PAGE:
By Bunny McBride
. . . before the rain begins I always waken, listening to the world hold its breath. ~Lianne Spidel
It was late, and I lay in my bed in a small round hut nestled against the Great Rift Wall in northern Tanzania. The stone abode was part of a rugged camp where my biologist brother-in-law spent many years doing wildlife research. I went there to escape the capital city of Dar es Salaam where I’d run into one too many snags in the article I’d been researching. The switch from pavement to earth and from human voices to those of nature was a welcome change. I planned to spend one week at the camp, but remained for five.
As I fell in and out of sleep, moonlight danced with acacia trees, creating lacy shadows on the whitewashed wall opposite my window. A lazy wind sifted through the screen, carrying the sounds of the wild on its back. The call of a nearby leopard resounded about the room—one loud hack followed by a series of muted rasps. A lion bellowed, and even though the big cat was probably some two miles away, I felt the vibrations of its momentous roar.
Overhead, scampering tree hyraxes turned the metal roof into a snare drum, while bush babies cried in the darkness, hyenas laughed menacingly, and baboons barked warnings to each other. Even in the pauses between these sounds, it was never wholly still, for crickets rubbed their wings together incessantly, filling the air with a soft, shrill vibrato.
However, one voice was missing in this midnight chorus, as it had been since my arrival: the whirr of the small waterfall that usually spilled down the Rift Wall into the river that runs below this hut. In that year of drought, there was no cascade, and the watercourse was bone dry. Night masked the desolation. But the harsh light of day revealed a parched and brittle landscape: trees were skeletons cowering in the sun and the whole dusty scene showed itself desperate for a drink.
Yet, remarkably (as the night symphony testified), life continued. Thrilled by its stamina and variety, I liked to begin each day watching it in the early morning hours as soon as starlight and moonlight began yielding to Africa’s blazing sun. Outside my hut stood an enormous boulder nudging against an unusually tall umbrella acacia. Sitting atop the rock beneath that gnarly flat-topped tree, I could look down on the riverbed 100 feet below and witness wondrous sights—such as elephants digging wells.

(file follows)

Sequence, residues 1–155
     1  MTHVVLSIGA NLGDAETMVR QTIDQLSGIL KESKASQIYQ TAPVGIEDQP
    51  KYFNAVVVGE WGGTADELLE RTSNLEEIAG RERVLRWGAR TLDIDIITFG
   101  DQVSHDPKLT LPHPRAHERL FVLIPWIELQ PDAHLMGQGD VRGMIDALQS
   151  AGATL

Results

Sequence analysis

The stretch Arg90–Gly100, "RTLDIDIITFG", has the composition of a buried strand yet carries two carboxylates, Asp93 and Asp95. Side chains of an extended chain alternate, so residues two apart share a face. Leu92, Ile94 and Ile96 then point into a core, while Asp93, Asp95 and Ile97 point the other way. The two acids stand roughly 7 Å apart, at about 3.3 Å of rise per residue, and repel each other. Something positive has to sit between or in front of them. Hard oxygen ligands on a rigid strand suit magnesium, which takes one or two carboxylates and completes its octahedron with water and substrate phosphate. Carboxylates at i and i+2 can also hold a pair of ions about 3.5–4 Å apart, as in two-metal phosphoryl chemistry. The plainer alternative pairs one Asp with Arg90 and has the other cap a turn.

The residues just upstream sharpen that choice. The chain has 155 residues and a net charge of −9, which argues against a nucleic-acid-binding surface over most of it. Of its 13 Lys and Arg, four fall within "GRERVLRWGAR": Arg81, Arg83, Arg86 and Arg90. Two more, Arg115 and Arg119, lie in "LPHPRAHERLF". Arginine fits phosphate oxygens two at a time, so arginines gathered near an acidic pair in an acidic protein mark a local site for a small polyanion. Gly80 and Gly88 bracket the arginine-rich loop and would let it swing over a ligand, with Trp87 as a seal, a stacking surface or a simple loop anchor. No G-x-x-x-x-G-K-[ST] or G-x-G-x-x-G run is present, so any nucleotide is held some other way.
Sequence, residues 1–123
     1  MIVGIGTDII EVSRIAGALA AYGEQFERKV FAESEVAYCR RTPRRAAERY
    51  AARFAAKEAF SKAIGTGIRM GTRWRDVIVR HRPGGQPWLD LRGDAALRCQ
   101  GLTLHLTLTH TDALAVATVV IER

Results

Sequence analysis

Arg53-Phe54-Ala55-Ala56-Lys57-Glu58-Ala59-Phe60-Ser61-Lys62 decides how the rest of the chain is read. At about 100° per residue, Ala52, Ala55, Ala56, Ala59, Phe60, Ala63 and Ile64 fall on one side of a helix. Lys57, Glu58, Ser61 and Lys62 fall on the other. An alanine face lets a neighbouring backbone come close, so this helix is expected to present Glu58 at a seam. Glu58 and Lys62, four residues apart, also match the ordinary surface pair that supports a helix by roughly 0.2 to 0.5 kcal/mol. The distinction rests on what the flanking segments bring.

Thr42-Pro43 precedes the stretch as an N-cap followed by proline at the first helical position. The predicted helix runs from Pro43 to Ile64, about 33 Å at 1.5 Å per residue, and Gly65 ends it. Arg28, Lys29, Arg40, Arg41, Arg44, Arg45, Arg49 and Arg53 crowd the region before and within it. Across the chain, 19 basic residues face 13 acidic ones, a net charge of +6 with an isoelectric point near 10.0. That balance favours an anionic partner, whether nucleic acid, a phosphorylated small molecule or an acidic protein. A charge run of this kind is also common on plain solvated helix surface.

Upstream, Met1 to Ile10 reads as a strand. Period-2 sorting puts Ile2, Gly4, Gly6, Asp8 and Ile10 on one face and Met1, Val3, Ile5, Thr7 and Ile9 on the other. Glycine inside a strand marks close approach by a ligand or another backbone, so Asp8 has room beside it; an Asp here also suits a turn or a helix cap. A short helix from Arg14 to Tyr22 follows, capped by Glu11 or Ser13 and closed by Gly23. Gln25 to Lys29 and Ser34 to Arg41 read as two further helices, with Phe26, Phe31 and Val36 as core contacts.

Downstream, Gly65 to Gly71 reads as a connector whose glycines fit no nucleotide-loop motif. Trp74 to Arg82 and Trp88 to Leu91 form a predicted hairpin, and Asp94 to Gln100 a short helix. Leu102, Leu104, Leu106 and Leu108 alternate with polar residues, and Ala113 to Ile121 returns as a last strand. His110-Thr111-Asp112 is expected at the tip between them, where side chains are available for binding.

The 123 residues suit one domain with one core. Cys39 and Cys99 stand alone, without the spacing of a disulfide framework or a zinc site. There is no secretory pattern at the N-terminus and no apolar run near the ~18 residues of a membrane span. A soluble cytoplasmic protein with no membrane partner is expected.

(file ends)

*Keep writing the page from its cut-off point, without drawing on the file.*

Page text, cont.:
They arrived at dawn, massive forms lumbering through the veil of incandescent orange that plays over morning scenes here. Reaching the dry riverbed, they began their work, using their forefeet and trunks to quarry subterranean streams. The water table was so low that it took them considerable time, but eventually tiny pools arose and the great beasts quenched their thirst. When the elephants left, other animals arrived to drink from the ephemeral wells—puckish warthogs, playful baboons, graceful impalas and gazelles, and many others.
Day after rainless day, I sat atop my hut-side boulder and watched the scene repeat itself. Then, one morning, something besides the animals called my attention. At first I didn’t see it; I simply felt that the setting has somehow changed. Then I looked up and discovered that a green haze had appeared around the crown of the acacia tree—without the benefit of a sprinkle of rain and so very far from the groundwater below. A close look revealed masses of tiny leaf buds.
At breakfast I asked my brother how this happened in the midst of such utter dryness. He told me, “Acacias turn green in anticipation of the rains.” He explained that these trees take in water not only with long tap roots but through their leaves. So, when all is parched, they gear up for growth by sprouting leaves. Then they’re able to take maximum advantage of moisture when it finally comes.
“Do you mean,” I asked, “that in order to become really green, acacias have to muster up a bit of greenness first on their own?”
“Yes. That’s it, precisely.”
To me, this was a rousing thought. A call to live what one longs for: If you wish to be loved, find a way to give it; if you want knowledge, use whatever wisdom you have within to reach out for it; and if you yearn for joy, strive to express it. And do so in anticipation. The way an elephant digs for water when it is out of sight. The way an acacia sprouts buds in a full-fledged drought.
A writer with a Masters in Anthropology, Bunny McBride writes often on cultural survival and wildlife conservation themes. She has written scores of travel stories for some two dozen newspapers and magazines, including Travel & Leisure, Travel Holiday, Boston Globe Sunday Magazine, Outside, Sierra, International Wildlife. Her books include The Audubon Field Guide to African Wildlife (coauthor), Women of the Dawn (1999 Friends of American Writers Literary Award winner), Molly Spotted Elk: A Penobscot in Paris), Our Lives in Our Hands: Micmac Indian Basketmakers, Indians in Eden (coauthor). In close collaboration with Native American communities, she has curated 5 exhibitions at the Abbe Museum in Bar Harbor, Maine, based on her books, including a current national award-winning exhibition “Indians & Rusticators” and “Journeys West: The David & Peggy Rockefeller American Indian Art Collection.”